How Many CPU Threads Do I Have? (How to Check)

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How Many CPU Threads Do I Have

Threads are a sequence of instructions used by software (and hardware) to function. A single processor core can have up to two threads thanks to virtualization. These virtual cores are what allow a quad-core processor to work as if it has eight cores, provided the program, app or software you’re using is designed to take advantage of additional cores. This may lead you to wonder, “How many CPU threads do I have?” You can find out by using built-in Windows services and tools like Task Manger and System Information. Or by referencing manufacturer spec sheets and using third-party apps.

Figuring Out How Many CPU Threads You Have

Now, let’s explore four different methods for finding out how many cores your CPU has by using Windows built-in tools and services, along with third-party software and manufacturer websites.

Method 1: Task Manager

For a Windows operating system, this is the easiest method to find out how many threads your CPU has. Using Task Manage will also give you other information about your processor, including model, information about cache memory and clock speed.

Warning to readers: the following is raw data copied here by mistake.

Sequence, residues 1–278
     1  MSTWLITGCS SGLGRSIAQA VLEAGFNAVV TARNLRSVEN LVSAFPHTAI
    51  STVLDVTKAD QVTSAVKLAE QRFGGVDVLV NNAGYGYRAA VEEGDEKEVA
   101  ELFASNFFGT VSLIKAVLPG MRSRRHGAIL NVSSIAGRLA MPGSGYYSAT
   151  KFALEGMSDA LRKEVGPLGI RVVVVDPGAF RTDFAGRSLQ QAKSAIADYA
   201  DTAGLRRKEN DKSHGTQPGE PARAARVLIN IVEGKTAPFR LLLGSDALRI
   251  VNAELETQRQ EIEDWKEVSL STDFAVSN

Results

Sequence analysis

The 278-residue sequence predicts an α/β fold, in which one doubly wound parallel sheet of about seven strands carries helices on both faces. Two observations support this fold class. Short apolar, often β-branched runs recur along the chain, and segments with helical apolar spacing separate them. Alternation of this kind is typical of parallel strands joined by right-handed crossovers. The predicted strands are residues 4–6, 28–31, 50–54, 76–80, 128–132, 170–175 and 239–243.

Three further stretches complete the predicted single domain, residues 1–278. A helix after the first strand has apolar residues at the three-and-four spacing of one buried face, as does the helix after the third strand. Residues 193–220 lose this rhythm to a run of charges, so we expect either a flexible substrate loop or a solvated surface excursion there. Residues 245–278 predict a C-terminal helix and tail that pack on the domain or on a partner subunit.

STEP 1: Open Task Manager.

You can open the Task Manager in one of two ways in Windows 10:

Method 1: Press CTRL+ALT-DELETE.

Method 2: Right click on the Taskbar and select Task Manager.

STEP 2: Then click the Performance tab.

STEP 3: Select the CPU tab on the left.

The number of threads will be referred to as “Logical Processors.” The number of logical processors = number of threads. Don’t confuse this with the section marked Threads. That just tells you the number of program threads or codes your laptop is currently running. Not the number of threads your CPU has.

Method 2: System Information Tool

This is another fine tool that comes as a part of the Windows package that’s perfect for finding how many threads your CPU has.

To access it:

First: Type System Information in the search bar beside the Windows icon and select the app.

Second: Look for the processor field which will give you a lot of information in an organized table.

Third: Then look for the Processor field. The number of Logical Processors should be outlined, which is the number of threads in your CPU.

Method 3: Manufacturer Websites

For this to work, you’ll need to know the exact model of the CPU in your laptop. Chip manufacturers like Intel usually have a listing of their CPU models, along with their specifications online.

Once you know the make and model of the CPU in your laptop, put that information into your favorite search engine. And within seconds you’ll be looking at the manufacturer’s website where you can find the exact CPU model with everything you ever wanted to know about it.